Recently I joined one of the STX Next projects as part of the development team. As many of our projects, it is not a greenfield project — there is an existing code base already (Google App Engine with Ionic, in this particular case) that we had to work with. I’ve looked through the code, and, let me put it this way: there was room for improvement (think 3 thousand lines in a single Python file, hundreds of lines in a single function, deeply structured messy data in a JSON property in the database). However, there was talk of a “grand rewrite,” we would have to support the old system, but at the same time work would be done on a completely new system that would be much beterer [sic].
But then, disaster struck. We heard that the new system was out of scope for now. It was postponed until later. In our weekly retrospective meeting, this immediately bubbled to the top as a huge issue: the project turned out to be a maintenance project, they did a bait and switch (“build a new system — haha, no, just hack on the old one!”). We were tricked. Fail. Disappointment.
I don’t think the “this is maintenance only, nothing to do here” attitude is unique to this project. I’ve seen it in other projects too. Let’s face it — few projects in the world are greenfield (for long). There’s almost always a existing code base, and (seemingly) no time to rewrite all the things.
So here comes my controversial statement:
Greenfield is overrated.
Greenfield, to start a project from absolute scratch, is a dream for many. It’s just like a hobby project, you can pick the technology you like, create a clean repository and set up everything exactly how you like. You know, how it should be done. However, there’s a tragic part to such projects that quite often doesn’t surface in a hobby project (because they don’t last that long, or are not that big):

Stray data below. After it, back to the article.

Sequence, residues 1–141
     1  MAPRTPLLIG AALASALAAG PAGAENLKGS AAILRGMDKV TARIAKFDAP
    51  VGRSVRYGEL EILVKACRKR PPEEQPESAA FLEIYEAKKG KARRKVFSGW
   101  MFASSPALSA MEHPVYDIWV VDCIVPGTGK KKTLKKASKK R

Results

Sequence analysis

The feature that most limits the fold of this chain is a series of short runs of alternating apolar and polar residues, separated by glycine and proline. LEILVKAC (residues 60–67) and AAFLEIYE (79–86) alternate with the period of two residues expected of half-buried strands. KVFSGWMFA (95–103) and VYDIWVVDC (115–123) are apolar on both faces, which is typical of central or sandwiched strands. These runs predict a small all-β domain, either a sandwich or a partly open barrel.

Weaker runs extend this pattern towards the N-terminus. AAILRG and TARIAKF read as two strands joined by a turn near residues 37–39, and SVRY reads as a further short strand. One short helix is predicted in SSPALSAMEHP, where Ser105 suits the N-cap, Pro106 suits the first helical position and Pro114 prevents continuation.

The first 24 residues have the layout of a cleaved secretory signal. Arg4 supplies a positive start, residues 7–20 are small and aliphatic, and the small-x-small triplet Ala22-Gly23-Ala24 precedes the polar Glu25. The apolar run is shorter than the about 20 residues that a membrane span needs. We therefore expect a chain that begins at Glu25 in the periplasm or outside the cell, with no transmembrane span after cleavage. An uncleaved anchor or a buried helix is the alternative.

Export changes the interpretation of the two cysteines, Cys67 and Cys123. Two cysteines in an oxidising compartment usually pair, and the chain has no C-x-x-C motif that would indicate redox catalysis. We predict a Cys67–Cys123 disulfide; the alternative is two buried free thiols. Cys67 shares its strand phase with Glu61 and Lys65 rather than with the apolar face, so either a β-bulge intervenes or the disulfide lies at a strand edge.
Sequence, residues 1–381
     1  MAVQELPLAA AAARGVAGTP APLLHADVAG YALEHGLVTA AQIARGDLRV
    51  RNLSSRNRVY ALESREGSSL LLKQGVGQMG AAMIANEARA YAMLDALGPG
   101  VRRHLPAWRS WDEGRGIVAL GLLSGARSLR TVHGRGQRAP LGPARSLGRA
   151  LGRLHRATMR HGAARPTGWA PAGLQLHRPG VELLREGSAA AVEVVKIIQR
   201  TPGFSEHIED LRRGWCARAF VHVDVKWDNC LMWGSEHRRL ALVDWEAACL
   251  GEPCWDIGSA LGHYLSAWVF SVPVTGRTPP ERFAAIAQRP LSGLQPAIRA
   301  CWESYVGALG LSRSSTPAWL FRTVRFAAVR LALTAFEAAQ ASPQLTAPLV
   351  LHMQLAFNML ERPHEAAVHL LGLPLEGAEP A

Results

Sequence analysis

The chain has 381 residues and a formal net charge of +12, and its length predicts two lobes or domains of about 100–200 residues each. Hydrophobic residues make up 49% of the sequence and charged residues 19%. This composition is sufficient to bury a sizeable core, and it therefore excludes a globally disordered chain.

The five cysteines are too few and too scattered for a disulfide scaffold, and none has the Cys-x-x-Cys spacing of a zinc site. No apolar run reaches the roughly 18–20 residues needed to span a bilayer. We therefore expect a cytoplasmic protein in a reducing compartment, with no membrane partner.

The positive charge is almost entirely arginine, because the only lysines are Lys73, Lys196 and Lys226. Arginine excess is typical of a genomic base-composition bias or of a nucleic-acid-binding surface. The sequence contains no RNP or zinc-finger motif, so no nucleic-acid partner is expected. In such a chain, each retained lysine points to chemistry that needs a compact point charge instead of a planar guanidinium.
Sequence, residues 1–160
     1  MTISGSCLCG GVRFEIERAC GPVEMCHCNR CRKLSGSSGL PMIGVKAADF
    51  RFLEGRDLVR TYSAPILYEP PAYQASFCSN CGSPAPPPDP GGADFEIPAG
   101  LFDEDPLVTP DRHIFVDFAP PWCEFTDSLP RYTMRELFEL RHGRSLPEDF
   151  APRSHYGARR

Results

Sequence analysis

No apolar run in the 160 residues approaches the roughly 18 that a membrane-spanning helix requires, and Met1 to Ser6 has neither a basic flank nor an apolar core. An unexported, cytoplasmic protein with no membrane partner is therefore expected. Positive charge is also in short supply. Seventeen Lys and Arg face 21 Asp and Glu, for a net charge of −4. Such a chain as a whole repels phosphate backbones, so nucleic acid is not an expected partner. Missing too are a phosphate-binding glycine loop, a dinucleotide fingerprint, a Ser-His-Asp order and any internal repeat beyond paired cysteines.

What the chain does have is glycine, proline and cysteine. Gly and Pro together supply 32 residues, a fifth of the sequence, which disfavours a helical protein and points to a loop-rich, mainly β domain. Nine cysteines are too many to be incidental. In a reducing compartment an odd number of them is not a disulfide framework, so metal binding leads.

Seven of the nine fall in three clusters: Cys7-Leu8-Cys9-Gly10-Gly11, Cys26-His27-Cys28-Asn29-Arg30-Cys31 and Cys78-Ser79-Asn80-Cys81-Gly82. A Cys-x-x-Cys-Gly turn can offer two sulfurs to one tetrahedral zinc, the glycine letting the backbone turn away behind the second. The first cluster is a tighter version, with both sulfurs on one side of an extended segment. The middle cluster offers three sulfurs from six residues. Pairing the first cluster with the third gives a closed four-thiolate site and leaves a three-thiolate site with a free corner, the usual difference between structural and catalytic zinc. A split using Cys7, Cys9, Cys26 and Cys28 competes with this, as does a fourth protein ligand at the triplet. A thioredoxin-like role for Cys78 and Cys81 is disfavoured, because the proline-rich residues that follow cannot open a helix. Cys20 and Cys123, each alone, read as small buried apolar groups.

Greenfield is only greenfield for a few months, tops.
After a few months, the technical debt starts to drip in. Your old architecture starts to fail. Requirements are different than anticipated and no longer match your code, and large parts of the code base you wrote hugely misjudged reality.
And here’s the kicker — this time you have nobody to blame but yourself.
In a project where you inherit a code base, you can laugh at your predecessors. Hah. Such an obvious architectural mistake. Such a dumb data model. Idiots.
When you started it yourself, it becomes painfully clear who the idiot really is. Or, in fact, that anticipating the future and doing things right isn’t that easy after all.
You’re in a mess, so what do you do? Rewrite all the things!
It’s fun, but in business a complete rewrite is a shortcut to disaster. I’ve seen many examples in previous jobs, the rewrites either were too big of a project, failed, were canceled, or in the case of a super patient company — took years longer than anticipated.
Is there an alternative?
Often, yes: iterative improvement. The scout rule — leave things better than you find them. Cut up the 200 line function into 10 functions. Layer cleaner interfaces on bad parts of the system, slowly swap out the bad parts, piece by piece. It’s still rewriting, but at a much smaller scale.
But… can you really spend time doing that? Don’t you need approval? Don’t you need special “refactor stories” (“As a code base, I would like the be cleaned up so that I’m not a huge mess”)?
I believe this is where skill comes in.
Every change you make is some sort of rewrite. Perhaps you’re just rewriting a line, or a function, but you still rewrite. Piece by piece, bit by bit. The skill is to create the opportunity to nudge things in the right direction in a meaningful way. A hundred nudges lead to a significant bump in quality, and that’s how software gets better. In my opinion, finding and creating those opportunities is what make good programmers great. Kaizen, y’all!
My broader take-away is this:
There’s no such thing as a maintenance project, there’s only a maintenance attitude.
All software development involves maintenance. Unless you believe your project is technically perfect, and there is nothing to improve (hah!), there is always opportunity to clean, fix, and learn plenty of things as you go. Again, every edit you make is a small rewrite, and dozens, hundreds, thousands of tiny rewrites make a good system.
The skill is to see the opportunity to improve. To slip in the thing that will make things better, no matter the pressure to deliver.